Economy and travel. ... People think the trade show is bigger than the industry it serves. It's not illogical to assume that tech companies are sending fewer people. So the fact that we're at 125,000 people instead of 200,000 is a reflection of the state of the tech industry.
You go up to a booth. You say, "How many people did you bring this year?" They go, "Twenty." 'How many people did you bring last year?' They go, "Forty." And then they look at you and say, "How come attendance is down?" Hello.

Q: Do you think Comdex is also a victim, to some degree, of the fact that people have many more ways to get information? Lots of people told me that their key vendors are willing to travel to their companies now, and they can look up information on the Internet.
A:
It is fashionable to bash large, horizontal trade shows, OK? The fact of the matter is that when the whole industry suffers, we suffer.

Q: So do you see the past two years as an aberration rather than a trend?
A:
What I see is that technology is coming to grips with the fact that it is subject to the same cycles every other industry is subject to. If you go back and read all the articles that were written, everybody talks about tech, the New Economy, we'd never go through this in one cycle. And guess what? There was no New Economy. It's New Economy/old economy; it's the same economy.

Q: The bad economy coupled with a disaster that nobody could have predicted clearly had an effect on Comdex. Do you have any concerns that people may rethink their need to have a presence at Comdex? Does the drop in attendance represent a permanent trend or a blip on the radar screen?
A:
It's a cycle. When the world comes back, Comdex will come back. And the fact of the matter is, if Comdex doesn't come back, there'll be somebody else that'll come back. The very essence is you need a gathering point. Human beings are tribal. Technology without purpose is meaningless. Technology, unless you can use it on a mass consumption, doesn't do any good. We find that people invent things. But unless they're adapted by the vast majority of people, they sit in labs or they don't have any scale.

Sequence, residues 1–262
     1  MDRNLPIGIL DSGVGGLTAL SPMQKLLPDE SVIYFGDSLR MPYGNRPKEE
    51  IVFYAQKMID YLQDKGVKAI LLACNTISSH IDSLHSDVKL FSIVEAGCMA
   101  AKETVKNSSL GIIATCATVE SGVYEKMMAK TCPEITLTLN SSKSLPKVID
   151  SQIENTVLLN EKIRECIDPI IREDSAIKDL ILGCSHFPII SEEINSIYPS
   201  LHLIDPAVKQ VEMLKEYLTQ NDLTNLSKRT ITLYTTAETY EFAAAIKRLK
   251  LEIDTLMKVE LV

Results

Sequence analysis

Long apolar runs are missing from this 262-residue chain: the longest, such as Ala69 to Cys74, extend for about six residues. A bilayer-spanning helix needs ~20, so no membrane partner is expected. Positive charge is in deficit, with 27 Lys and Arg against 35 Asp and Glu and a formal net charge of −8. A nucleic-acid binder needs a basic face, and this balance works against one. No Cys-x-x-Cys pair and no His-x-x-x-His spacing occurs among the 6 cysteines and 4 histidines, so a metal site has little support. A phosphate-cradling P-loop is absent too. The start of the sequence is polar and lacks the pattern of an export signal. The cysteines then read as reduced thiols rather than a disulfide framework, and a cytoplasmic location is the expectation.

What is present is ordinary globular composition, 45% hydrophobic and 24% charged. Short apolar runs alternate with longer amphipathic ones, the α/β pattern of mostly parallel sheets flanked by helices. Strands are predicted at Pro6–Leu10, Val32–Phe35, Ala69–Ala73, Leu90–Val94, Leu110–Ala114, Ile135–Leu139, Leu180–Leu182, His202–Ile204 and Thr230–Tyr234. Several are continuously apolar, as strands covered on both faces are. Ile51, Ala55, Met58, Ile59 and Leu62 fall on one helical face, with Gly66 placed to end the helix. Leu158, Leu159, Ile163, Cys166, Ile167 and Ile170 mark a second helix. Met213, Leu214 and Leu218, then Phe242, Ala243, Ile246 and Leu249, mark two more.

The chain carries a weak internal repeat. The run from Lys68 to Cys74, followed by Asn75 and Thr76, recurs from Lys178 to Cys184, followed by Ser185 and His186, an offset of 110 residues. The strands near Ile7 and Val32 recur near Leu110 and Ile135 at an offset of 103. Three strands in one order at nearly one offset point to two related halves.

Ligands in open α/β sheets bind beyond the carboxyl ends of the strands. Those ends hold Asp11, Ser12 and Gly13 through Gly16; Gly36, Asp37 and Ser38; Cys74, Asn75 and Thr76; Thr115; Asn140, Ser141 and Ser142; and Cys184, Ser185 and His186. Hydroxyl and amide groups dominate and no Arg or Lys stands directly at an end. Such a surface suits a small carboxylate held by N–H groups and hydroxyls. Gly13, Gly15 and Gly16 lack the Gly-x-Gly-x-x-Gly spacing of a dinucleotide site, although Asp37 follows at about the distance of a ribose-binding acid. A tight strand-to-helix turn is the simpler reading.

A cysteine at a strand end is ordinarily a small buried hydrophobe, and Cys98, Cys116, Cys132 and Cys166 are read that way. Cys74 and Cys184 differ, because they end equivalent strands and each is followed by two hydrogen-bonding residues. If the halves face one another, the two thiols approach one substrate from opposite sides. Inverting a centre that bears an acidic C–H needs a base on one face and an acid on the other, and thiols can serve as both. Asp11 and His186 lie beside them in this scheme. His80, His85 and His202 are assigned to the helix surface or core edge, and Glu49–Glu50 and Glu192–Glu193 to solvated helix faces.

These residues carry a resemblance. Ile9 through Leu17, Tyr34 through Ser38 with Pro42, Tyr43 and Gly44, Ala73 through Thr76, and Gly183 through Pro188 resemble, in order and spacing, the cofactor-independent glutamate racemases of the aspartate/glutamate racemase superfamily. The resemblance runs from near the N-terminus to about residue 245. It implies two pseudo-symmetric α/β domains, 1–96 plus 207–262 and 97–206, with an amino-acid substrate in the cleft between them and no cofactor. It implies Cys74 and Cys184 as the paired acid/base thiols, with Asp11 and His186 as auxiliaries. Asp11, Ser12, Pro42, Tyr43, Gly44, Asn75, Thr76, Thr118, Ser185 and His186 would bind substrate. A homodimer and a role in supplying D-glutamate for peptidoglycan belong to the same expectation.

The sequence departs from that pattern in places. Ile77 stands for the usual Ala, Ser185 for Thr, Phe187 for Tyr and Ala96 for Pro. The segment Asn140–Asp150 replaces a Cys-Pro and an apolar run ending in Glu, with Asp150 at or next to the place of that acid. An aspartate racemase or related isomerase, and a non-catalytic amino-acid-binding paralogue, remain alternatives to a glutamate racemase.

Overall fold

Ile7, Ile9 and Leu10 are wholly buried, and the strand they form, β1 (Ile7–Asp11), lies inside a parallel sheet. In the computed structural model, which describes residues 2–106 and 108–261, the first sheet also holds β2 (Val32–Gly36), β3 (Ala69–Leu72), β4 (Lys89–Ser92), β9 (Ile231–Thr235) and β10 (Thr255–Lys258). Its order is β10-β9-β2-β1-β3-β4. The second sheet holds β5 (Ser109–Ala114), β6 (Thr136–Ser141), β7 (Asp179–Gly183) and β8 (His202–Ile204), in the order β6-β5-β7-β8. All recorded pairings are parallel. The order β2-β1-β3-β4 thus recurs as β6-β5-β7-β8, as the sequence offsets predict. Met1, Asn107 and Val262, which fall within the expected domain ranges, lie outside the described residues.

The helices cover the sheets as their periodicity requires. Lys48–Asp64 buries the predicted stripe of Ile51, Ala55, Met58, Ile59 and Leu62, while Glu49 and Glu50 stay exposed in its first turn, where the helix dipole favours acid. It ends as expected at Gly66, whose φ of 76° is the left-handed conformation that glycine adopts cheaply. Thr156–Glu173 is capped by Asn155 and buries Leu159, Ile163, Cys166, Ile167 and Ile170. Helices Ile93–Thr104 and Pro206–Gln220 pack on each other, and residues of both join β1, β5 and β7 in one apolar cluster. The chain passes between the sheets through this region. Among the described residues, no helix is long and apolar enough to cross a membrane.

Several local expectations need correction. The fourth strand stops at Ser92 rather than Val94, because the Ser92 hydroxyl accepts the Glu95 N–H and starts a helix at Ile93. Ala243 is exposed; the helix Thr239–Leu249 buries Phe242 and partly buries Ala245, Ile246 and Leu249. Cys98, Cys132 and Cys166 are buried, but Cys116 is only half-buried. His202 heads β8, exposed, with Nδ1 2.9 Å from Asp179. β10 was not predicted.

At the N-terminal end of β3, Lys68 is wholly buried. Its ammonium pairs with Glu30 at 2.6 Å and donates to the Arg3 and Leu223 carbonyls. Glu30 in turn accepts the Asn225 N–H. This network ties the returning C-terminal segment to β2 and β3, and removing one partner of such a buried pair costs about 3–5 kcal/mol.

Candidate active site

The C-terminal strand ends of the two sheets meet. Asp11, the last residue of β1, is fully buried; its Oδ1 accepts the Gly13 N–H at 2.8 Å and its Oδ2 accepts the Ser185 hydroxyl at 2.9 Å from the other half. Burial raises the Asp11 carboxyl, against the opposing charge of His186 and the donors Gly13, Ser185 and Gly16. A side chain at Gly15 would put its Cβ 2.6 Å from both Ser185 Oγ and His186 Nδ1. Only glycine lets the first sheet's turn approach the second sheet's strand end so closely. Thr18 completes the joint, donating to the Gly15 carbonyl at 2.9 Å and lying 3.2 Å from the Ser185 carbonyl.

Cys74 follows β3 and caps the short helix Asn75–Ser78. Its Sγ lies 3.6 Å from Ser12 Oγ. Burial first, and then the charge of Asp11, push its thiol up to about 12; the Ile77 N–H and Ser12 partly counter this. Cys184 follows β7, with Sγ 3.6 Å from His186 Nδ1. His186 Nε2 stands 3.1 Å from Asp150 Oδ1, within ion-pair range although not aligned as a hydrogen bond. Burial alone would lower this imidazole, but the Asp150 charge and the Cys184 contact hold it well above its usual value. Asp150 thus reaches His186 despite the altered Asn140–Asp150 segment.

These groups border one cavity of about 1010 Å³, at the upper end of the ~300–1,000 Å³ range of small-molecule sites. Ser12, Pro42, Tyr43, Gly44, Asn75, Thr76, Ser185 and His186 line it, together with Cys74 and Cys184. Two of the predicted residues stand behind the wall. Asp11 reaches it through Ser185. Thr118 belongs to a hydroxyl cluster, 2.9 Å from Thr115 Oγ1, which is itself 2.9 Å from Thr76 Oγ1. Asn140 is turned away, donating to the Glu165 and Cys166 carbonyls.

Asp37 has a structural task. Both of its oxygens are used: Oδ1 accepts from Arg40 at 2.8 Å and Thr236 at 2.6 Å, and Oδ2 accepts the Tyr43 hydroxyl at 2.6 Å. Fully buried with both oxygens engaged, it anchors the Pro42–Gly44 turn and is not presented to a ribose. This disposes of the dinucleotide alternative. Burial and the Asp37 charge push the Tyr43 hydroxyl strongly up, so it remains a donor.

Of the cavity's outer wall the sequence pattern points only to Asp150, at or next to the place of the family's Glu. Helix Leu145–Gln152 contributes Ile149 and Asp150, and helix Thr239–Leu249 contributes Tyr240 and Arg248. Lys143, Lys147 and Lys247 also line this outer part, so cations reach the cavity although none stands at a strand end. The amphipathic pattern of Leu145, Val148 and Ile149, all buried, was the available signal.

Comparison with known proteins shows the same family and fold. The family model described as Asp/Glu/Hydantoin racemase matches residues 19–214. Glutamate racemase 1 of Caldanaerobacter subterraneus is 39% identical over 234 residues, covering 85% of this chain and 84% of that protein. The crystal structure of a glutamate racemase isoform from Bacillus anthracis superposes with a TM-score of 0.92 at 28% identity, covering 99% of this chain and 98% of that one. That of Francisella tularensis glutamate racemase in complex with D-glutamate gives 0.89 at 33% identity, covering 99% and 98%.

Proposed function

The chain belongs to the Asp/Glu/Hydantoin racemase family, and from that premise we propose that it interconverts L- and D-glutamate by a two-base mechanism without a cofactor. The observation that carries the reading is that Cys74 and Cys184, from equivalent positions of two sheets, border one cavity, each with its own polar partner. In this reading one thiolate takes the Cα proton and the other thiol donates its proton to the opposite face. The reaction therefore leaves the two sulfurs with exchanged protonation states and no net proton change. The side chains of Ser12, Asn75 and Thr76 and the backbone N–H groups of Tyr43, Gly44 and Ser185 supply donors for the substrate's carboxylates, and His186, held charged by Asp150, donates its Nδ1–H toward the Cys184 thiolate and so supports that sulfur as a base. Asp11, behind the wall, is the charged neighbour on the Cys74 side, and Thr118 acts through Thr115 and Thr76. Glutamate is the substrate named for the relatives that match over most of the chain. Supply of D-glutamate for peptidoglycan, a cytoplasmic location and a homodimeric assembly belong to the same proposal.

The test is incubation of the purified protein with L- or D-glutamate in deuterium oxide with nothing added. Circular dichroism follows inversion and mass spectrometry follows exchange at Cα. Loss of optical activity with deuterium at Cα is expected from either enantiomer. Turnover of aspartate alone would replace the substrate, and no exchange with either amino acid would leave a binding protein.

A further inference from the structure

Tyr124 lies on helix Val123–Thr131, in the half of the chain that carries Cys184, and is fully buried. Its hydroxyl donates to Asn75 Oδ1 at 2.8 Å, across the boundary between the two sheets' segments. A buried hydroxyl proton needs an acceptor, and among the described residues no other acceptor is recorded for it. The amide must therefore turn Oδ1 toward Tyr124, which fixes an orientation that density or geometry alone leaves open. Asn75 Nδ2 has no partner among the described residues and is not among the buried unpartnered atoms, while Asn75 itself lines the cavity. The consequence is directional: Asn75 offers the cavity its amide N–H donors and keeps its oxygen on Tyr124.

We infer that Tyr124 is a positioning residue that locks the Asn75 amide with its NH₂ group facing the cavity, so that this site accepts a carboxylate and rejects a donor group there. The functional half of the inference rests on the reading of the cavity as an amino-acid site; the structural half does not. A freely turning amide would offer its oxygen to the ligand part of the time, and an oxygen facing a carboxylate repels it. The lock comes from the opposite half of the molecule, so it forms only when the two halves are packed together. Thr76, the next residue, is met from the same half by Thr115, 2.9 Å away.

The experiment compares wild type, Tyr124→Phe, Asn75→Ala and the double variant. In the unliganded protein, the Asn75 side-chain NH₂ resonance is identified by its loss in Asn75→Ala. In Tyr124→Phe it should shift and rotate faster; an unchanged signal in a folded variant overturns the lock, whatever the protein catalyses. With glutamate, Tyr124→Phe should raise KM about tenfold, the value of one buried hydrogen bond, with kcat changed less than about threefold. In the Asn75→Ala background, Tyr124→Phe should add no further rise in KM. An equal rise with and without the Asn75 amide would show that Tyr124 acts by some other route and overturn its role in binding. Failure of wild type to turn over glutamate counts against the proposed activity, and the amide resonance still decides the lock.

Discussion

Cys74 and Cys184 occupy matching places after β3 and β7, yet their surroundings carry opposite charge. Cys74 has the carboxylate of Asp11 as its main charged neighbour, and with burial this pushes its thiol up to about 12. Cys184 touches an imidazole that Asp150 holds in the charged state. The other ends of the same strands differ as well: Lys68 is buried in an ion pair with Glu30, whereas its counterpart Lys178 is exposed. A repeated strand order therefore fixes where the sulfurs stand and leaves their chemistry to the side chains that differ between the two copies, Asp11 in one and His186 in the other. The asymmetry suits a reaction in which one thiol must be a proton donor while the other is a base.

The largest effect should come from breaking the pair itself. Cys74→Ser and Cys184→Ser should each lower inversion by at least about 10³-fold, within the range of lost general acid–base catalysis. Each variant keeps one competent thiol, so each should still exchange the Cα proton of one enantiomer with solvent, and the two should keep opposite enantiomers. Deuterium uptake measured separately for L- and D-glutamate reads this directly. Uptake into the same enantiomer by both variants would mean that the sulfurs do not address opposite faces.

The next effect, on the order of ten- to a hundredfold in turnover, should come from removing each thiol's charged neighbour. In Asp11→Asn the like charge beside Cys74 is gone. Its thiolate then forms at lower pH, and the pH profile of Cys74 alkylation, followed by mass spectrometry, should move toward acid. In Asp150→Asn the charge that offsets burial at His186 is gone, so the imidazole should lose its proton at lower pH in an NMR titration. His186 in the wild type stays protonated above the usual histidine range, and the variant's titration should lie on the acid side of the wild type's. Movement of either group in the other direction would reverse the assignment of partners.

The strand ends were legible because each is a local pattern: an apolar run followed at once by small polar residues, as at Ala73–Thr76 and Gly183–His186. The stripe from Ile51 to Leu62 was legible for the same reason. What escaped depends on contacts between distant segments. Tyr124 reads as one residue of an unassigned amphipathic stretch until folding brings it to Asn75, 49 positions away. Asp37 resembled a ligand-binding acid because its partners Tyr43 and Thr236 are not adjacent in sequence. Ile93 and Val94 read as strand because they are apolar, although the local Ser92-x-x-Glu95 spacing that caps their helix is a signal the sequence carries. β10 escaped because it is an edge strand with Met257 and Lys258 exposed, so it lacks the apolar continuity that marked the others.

Look at the executives who come. Senior executives of every company are all in Las Vegas that week. If I said, "Next year, Comdex is going to disappear," then another event would happen, and they'd all show up for that.

Q: Do you think Comdex is at risk?
A:
You've got all these little faceless consultants who go to companies and say, "Oh, I can save you money. Don't go on the floor at Comdex. Rent a hotel suite, and then you can bifurcate the audience." And then they're happy to tell journalists like you, "Oh, we don't come to Comdex because we don't like the audience."
But at some point when you drain the river far enough, the riverbed goes dry. So the challenge we have is to bring everybody back to the center and bring everybody back to the center because Comdex is a magnet for the audience.

Q: So you think your greatest challenge is re-attracting the technology vendors out of those hotel suites and into the exhibition hall?
A:
Sure, and then you'll see all the IT guys who say they don't come, they'll all come back. But the fact is I defy you to tell me any show in North America that draws the audience we do -- 70% to 80% of the top 100 exhibitors come back every year.

Q: So you're saying the problem is not the big vendors, such as IBM and Oracle Corp., which aren't exhibiting. It's the midsize-to-small vendors that are the problem.
A:
That's right.

Q: Do you think the technology vendors aren't throwing enough support behind an important show?
A:
Yeah, I do. I think these people forget what community is, and I think companies like Microsoft are really good, and Samsung and Intel. ... The fact of the matter is we all need to go back to community. This is a group that to a certain extent lives in isolation.

Q: What are the odds we'll see Comdex next year?
A:
100%.

Q: What are the odds we'll see more attendees and more exhibitors next year?
A:
It depends on the state of the industry.

Q: Do you think there will be a solution for your current woes?
A:
In going through a restructuring, you own great brands. Brands survive problems. The problem this company has today is that it has too much debt that it inherited.

Q: What do you think the most likely scenario will be?
A:
Talk to me in about 60 days.